• Update on earthquakes: Newest results from Oklahoma Commission look “encouraging”

    By Robert Lee Maril

    The Oklahoma Corporation Commission (OCC), the regulatory agency overseeing the state’s oil and gas industry, now has data that may suggest their directives to owners of production and induction wells have successfully contributed to a decline in seismic activity in the most volatile areas prone to earthquakes.Scientists at the Oklahoma Geological Survey (OGS) continue to remind the public that there are a wide variety of unanswered questions about immediate and long-term remedies even with the new directives in place. 

  • How Israel became a cybersecurity superpower

    Israel’s rise as one of the world’s leaders in cybersecurity has been boosted by cooperation between the military, government, education, and private sectors, a level of partnership unmatched in the Western world. Israel’s cybersecurity sector is now worth half a billion dollars annually — second only to the United States.

  • Italian police cannot unlock Bari terrorist iPhone

    The Italian security services have been unable to unlock the Apple iPhone 6 plus of a suspect member of a terrorist ring in the city of Bari. Analysts say the development will likely result in another stand-off between Apple and a government fighting terrorism, similar to the stand-off between Apple and the U.S. government over the iPhone used by the San Bernardino terrorists.

  • CBP MSC vehicle contracts to Telephonic appear problematic

    By Robert Lee Maril

    According to federal government documents, problematic contract inconsistencies predominate in yet another CBP surveillance technology program. The CBP contract in question calls for the production of Multiple Surveillance Capability (MSC) vehicles. Unfortunately, the unintended consequences of these documented problematic delays in the CBP and Office of Technology Innovation and Assessment (OTIA) acquisition process with Telephonics MSC vehicle contracts have serious ramifications. Equally troubling is that CBP MSC contract delays from 2010 to 2015 mirror SBInet delays from 2006 to 2011. These contract delays with Telephonics MSC vehicles, a surveillance technology already in place in other countries, continues to create a U.S.-Mexican border far less secure or safe than it should or has to be.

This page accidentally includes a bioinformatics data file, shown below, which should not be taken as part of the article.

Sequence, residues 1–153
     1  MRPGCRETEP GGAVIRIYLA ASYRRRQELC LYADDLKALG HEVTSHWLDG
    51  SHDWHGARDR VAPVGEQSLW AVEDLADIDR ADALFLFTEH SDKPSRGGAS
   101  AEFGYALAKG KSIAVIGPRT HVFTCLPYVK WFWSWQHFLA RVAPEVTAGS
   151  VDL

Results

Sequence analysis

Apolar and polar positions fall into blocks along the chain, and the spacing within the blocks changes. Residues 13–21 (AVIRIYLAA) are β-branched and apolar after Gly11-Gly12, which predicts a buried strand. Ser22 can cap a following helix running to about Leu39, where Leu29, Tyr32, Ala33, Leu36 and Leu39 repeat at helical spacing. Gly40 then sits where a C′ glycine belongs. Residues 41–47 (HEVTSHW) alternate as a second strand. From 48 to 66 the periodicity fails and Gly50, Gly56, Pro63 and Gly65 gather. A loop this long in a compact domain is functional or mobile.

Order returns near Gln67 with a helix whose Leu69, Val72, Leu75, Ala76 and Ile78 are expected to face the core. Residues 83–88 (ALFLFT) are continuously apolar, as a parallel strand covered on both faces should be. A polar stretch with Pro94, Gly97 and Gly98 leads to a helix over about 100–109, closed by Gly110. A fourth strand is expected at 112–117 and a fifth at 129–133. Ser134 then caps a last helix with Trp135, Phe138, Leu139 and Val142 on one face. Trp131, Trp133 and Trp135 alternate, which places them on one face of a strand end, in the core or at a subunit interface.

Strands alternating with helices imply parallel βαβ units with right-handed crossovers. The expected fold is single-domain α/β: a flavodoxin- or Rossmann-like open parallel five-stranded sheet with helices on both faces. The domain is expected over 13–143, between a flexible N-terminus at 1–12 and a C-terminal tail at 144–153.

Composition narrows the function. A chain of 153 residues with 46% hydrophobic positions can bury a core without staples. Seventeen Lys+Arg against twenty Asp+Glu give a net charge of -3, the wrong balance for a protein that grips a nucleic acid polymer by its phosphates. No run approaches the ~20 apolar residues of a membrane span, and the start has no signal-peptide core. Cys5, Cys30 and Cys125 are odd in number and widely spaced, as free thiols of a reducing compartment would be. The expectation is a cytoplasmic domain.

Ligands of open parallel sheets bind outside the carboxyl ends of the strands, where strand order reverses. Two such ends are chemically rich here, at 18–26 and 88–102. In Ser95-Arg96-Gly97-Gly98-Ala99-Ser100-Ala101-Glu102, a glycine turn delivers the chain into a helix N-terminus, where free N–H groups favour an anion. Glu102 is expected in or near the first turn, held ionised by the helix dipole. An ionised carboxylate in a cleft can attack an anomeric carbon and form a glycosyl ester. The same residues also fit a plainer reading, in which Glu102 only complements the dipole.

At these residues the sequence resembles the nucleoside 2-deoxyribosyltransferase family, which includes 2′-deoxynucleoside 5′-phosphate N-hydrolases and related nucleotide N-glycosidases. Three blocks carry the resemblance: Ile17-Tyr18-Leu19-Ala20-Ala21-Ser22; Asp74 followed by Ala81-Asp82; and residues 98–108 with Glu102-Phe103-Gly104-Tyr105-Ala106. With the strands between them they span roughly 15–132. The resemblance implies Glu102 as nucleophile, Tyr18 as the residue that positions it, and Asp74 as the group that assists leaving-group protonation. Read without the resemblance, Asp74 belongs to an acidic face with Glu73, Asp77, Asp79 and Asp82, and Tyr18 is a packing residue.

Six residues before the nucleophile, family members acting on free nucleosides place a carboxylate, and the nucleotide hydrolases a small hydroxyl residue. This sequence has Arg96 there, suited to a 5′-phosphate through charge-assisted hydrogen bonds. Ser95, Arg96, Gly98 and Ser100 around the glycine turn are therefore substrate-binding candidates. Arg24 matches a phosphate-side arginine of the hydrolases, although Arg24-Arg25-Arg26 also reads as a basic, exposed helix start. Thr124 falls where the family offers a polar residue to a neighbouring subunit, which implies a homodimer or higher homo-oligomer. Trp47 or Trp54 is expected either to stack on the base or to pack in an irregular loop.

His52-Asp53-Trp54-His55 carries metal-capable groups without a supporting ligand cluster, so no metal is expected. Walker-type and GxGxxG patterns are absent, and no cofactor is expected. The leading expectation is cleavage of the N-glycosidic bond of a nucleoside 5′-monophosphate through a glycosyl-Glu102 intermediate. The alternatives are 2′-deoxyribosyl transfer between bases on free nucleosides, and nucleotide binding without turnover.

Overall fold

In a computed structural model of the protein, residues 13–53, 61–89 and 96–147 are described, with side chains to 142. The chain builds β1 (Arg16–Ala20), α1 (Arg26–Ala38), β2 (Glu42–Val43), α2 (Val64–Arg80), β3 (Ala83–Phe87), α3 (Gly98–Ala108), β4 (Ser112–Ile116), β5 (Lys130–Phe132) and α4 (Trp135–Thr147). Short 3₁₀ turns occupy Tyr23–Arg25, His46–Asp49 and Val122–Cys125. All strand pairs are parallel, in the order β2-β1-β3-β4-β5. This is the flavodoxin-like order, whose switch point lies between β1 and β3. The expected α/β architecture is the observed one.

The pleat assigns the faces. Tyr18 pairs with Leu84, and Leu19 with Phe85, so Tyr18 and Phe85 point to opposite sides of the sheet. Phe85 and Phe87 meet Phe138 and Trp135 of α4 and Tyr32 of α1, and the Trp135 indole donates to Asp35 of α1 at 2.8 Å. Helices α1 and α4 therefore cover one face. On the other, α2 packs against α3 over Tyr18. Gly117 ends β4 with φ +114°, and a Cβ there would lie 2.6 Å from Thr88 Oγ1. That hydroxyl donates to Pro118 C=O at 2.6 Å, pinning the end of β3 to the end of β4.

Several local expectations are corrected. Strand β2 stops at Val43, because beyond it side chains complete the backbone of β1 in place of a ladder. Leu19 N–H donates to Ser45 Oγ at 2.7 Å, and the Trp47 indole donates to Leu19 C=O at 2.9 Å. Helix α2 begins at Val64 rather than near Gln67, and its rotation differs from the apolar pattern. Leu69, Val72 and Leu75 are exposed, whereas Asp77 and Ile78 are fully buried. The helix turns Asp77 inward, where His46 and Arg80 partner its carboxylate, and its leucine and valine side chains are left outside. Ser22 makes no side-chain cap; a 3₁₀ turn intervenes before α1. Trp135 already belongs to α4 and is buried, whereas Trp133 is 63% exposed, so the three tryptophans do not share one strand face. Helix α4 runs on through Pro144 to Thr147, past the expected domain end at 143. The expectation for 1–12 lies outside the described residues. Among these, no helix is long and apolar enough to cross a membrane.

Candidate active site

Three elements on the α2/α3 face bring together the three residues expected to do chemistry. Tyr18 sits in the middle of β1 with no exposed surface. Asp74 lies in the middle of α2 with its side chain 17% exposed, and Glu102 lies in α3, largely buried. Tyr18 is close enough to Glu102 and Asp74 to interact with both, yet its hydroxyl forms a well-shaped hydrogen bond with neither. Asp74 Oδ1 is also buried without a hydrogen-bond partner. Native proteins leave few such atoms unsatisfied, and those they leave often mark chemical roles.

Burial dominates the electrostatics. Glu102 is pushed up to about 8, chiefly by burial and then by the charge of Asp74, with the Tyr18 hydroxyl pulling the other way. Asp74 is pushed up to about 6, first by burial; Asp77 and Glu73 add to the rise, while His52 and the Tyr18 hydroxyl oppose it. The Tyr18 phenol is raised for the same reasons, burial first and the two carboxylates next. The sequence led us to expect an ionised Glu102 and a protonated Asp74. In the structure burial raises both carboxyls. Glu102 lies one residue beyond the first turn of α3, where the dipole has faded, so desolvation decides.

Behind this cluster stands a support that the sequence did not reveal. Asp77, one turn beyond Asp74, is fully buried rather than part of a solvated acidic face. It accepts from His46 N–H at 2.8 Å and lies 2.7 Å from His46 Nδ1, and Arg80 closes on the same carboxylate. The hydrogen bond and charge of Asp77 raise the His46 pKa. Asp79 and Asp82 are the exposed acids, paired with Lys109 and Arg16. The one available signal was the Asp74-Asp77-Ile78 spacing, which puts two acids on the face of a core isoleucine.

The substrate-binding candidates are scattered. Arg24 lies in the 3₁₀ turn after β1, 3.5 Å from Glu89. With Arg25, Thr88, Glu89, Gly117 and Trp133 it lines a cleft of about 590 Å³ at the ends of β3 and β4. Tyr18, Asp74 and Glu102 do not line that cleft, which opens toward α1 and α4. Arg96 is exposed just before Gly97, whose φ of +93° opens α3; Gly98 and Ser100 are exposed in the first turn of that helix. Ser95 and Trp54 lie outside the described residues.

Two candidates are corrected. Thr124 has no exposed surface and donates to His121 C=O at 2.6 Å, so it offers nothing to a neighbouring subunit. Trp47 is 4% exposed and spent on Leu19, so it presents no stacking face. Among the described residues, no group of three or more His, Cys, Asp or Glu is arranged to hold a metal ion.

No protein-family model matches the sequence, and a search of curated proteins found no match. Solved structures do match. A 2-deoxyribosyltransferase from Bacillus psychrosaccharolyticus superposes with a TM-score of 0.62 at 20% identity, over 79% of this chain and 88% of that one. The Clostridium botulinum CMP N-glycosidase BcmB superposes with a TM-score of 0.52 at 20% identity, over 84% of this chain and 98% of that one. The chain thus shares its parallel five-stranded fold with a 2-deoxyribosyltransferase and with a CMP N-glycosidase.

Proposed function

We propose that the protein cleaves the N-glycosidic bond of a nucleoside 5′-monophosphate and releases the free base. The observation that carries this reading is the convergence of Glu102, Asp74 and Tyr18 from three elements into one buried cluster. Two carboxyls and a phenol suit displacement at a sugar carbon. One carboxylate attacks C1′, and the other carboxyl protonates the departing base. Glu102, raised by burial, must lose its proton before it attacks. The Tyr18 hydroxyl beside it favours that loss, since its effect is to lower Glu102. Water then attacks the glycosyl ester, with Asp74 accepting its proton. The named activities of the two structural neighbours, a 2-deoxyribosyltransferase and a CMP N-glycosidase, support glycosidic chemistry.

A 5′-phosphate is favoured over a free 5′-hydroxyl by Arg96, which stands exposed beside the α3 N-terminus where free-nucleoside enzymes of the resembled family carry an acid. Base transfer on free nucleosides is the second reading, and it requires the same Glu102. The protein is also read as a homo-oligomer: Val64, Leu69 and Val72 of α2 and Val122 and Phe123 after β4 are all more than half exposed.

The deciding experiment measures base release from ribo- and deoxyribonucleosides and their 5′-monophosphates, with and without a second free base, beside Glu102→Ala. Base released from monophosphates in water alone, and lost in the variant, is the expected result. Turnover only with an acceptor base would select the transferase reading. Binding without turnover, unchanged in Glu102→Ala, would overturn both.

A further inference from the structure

• Cybersecurity’s weakest link: humans

    By Arun Vishwanath

    There is a common thread that connects many of the recent hacks which captured the headlines. They all employed generic – or what is now considered “old school” – phishing attacks which typically took the form of the infamous “Nigerian prince” type e-mails, trying to trick recipients into responding with some personal financial information. “Spearphishing” attacks are similar but far more vicious. They seek to persuade victims to click on a hyperlink or an attachment that usually deploys software (called “malware”) allowing attackers access to the user’s computer or even to an entire corporate network. Yes, people are the weakest links in cybersecurity. But they don’t have to be. With smarter, individualized training, we could convert many of these weak links into strong detectors – and in doing so, significantly strengthen cybersecurity.

  • Climate-driven water scarcity could reduce economic growth by up to 6%: World Bank

    Water scarcity, exacerbated by climate change, could cost some regions up to 6 percent of their GDP, spur migration, and spark conflict, according to a new World Bank report released the other day. The report says the combined effects of growing populations, rising incomes, and expanding cities will see demand for water rising exponentially, while supply becomes more erratic and uncertain.

  • FBI does not know how the $1m iPhone hack works

    The  FBI does not know how the hack which was used to unlock the San Bernardino terrorist’s iPhone 5C works, even though the agency paid about $1 million for the technique. The identity of the hackers who sold the technique to the agency is a closely guarded secret, and the FBI director himself does not know who they are.